California has a unique overtime law when compared to other states. While many states actually have very few labor laws aside from the federal Equal Employment Opportunity Commission standards, California has gone the extra step and established overtime standards. Not only does the state require employers to give employees overtime pay for any amount over 40 hours per week, but the same time-and-one-half rate also applies for those working over eight hours per day but less than 12. There have traditionally been many employers in the state who have not paid the penalty rate for overtime, and many workers may not realize that they have a claim if they have worked under this unlawful operation policy.
Determining rate of pay
The first step in calculating unpaid overtime is establishing a weekly pay scale. This is typically accomplished by determining annual pay levels and dividing the number by 52 weeks. However, some employees who are not paid according to the wage and hour law also do not work an entire year, so the method is flexible. After determining an average pay rate, the average number of weekly hours is then calculated similarly. An assessment is also made for hours worked above 12 per shift. This also includes employees who work on a weekly salary as well as those who are paid by the hour.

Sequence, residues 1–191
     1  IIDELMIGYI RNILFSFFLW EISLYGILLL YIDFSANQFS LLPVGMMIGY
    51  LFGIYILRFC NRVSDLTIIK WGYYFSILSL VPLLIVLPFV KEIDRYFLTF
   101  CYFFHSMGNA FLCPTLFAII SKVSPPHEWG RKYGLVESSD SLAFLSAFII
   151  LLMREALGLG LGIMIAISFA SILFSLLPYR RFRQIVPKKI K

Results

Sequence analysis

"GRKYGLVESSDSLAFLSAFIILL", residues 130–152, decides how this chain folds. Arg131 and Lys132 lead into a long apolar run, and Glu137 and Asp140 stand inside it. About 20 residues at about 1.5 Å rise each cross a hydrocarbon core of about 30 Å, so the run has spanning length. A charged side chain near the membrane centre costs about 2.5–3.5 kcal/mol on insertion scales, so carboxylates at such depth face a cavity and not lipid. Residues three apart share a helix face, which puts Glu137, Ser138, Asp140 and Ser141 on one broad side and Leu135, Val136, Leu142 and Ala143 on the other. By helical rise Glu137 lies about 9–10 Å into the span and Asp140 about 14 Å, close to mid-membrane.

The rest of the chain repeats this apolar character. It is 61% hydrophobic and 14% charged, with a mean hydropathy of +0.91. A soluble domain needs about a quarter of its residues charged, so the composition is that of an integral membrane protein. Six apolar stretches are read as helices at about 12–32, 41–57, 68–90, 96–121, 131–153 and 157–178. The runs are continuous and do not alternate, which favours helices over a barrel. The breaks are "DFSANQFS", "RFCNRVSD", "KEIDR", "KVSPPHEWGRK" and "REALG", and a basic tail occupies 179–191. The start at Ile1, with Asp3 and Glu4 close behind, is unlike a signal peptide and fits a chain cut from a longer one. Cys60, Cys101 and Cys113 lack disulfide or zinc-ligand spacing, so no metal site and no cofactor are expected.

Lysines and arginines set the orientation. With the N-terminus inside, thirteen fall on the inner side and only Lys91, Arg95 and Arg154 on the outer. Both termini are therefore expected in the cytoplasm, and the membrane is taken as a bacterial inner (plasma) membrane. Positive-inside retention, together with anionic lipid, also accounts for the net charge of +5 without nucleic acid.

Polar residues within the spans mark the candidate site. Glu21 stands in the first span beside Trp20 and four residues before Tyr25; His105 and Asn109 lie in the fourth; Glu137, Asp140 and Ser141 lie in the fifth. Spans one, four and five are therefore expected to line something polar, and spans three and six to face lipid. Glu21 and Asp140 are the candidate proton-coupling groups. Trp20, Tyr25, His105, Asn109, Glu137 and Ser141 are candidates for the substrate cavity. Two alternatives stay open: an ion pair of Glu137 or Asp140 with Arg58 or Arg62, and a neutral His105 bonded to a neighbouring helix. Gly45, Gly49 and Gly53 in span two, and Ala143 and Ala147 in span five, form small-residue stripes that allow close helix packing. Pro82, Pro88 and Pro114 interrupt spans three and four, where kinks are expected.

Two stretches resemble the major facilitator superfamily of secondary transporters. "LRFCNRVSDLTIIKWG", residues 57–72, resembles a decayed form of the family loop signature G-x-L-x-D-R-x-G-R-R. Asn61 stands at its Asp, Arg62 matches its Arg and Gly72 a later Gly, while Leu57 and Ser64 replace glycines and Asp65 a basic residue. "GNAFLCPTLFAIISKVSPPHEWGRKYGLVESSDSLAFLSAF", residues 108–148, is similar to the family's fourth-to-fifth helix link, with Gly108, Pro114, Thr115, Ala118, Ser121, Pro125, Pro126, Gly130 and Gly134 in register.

Some workers are paid according to the number of pieces they can produce regardless of shift hours. These workers are also included under the California overtime schedule, and their rate of pay must also be calculated based on the number of hours worked. This requires the number of pieces that can be manufactured per hour to be totaled and divided by eight to receive a daily production and average rate of pay for the first 40 hours. Additional production is calculated on an hourly production average.
Pay for hours over 40 per week or eight hours per day are paid at the standard penalty rate of time and one-half based on the hourly average. Those working over 12 hours per shift receive double pay for excessive hours.